DV8 2XL said...

Meredith, I don't see an e-mail for you listed on the page so I'll put this here, feel free to remove it as off topic.

As I mentioned before Hydro-Québec is about to purchase Énergie NB Power, (New Brunswick Power)and that this had drawn some concern in several New England States that purchase electricity from the two Canadian companies. I also mentioned that the possible loss of VT had been a factor in these concerns as well.

Apparently a great deal of pressure was applied to the governments of both Provinces, (who own the power companies in question) and the deal was renegotiated, specifically leaving distribution and transmission to New England in the hands of Énergie NB Power, while selling all generation to Hydro-Québec.

While this looks like a good thing for the external customers of these power companies, the fact is that Hydro-Québec will not not be investing in new transmission from New Brunswick, which had been part of the original deal, meaning that there might very well be less available capacity to serve the New England grid if shortfalls from the closing of VY need to be made up in the short term.

It just goes to show that what looks to be a local fight can have international ramifications.

Meredith Angwin said...


Thank you for your comment.

Last November, I went to a meeting in Norwich Vermont on the future of Vermont Yankee. At that meeting, Dave Lamont of the Vermont Public Service Commission stated that the tie-line from Canada down to Vermont was operating at top capacity. He said that we couldn't increase the total energy sent down that line (unless it was reconstructed and upgraded, I suppose).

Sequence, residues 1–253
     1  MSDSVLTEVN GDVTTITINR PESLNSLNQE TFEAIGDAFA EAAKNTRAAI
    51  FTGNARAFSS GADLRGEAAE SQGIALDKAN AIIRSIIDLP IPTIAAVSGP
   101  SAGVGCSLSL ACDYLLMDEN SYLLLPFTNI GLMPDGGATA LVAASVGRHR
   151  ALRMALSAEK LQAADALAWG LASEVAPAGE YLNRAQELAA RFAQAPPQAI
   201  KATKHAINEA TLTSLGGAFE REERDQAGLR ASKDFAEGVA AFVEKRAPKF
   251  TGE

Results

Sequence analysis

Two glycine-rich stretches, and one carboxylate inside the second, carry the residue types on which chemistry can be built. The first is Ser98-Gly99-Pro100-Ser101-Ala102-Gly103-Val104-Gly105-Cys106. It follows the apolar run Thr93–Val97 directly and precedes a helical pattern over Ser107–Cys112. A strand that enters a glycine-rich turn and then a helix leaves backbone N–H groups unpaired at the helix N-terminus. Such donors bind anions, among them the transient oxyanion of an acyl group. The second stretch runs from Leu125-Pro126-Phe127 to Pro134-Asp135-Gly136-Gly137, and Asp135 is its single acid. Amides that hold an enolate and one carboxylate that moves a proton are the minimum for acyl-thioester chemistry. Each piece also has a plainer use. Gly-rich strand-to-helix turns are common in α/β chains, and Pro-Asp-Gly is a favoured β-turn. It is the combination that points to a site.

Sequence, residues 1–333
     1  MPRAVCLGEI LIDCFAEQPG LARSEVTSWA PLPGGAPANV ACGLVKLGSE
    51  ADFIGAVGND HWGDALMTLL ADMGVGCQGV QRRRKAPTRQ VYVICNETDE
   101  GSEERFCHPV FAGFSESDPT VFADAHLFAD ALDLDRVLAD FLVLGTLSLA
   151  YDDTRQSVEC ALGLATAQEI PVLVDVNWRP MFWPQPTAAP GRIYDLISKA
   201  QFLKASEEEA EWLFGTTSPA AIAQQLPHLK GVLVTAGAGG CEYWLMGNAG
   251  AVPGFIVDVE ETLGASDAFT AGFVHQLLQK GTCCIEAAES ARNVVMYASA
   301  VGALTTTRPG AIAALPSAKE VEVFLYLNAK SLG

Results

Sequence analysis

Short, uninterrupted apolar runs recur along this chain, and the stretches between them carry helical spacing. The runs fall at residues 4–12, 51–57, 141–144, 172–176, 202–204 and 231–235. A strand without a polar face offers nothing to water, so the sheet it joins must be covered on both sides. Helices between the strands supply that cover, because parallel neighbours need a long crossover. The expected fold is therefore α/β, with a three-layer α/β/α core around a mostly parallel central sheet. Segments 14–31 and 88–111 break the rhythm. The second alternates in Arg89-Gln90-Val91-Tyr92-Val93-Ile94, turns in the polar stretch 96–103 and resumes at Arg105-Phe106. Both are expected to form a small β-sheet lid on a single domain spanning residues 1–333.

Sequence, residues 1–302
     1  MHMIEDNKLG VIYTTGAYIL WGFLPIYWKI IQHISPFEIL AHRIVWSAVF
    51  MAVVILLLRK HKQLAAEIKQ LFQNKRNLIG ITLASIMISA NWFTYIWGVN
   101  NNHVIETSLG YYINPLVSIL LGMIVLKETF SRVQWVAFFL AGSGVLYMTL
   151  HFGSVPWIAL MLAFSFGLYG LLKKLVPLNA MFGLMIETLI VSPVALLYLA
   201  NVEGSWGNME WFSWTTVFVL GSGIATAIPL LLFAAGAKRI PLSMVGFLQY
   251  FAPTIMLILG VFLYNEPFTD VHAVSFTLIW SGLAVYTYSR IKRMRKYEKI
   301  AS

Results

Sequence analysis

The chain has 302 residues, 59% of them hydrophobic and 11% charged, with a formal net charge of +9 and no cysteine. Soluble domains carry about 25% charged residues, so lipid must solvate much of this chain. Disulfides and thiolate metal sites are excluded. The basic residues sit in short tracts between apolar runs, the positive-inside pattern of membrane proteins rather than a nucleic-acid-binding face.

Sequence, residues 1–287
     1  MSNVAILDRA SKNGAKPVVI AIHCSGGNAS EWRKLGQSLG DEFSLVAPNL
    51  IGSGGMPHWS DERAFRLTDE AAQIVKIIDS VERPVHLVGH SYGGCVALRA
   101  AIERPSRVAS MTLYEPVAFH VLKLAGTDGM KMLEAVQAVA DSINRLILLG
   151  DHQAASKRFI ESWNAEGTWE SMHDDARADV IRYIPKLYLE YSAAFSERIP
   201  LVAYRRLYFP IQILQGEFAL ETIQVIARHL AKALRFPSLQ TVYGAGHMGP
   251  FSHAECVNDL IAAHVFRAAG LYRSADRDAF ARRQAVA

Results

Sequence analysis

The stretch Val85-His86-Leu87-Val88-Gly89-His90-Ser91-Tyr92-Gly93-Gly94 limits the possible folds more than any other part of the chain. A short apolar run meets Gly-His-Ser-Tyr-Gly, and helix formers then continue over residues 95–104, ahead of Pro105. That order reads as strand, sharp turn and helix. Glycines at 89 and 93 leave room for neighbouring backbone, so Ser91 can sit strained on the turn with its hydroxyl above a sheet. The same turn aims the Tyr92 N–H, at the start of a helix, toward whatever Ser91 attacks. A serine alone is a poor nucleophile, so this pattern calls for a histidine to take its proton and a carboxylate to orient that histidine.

In other words, people in Vermont are going to get the same amount of power, or less, from HQ in the future. We are certainly not getting more.

As a person who lives in Vermont, I foresee that if we shut down VY, the only place willing to sell us low-carbon power will be HQ. By shutting down our own plant, we will have destroyed our ability to negotiate with HQ for a decent rate.

Countries in Europe who have shut down their nuclear plants have found themselves in energy thrall to Russia and other former Soviet states. We may find ourselves in the same position with Canada. Of course, since America and Canada have a long and peaceful history, the consequences would be economic rather than geopolitical.

DV8 2XL said...

There has always been a certain co-dependency between Canada and the U.S. across several domains and in general it has evened out to mutual advantage. As I said previously, my concern is that a situation is developing where the consumers in the New England States and two Provinces are going to have their pockets picked by the situation that will arise by the loss of VY.

While Vermont may not get any more power down the QC-VT tie-line, power will be wheeled in via other States from Canada. Worse, (from my perspective) is that Hydro-Québec will go to Québec City to fund more capacity south, and guess who will foot the bill. This is more likely now, in my opinion, since the southern tie-lines of Énergie NB Power are not going to fall into Hydro-Québec's hands.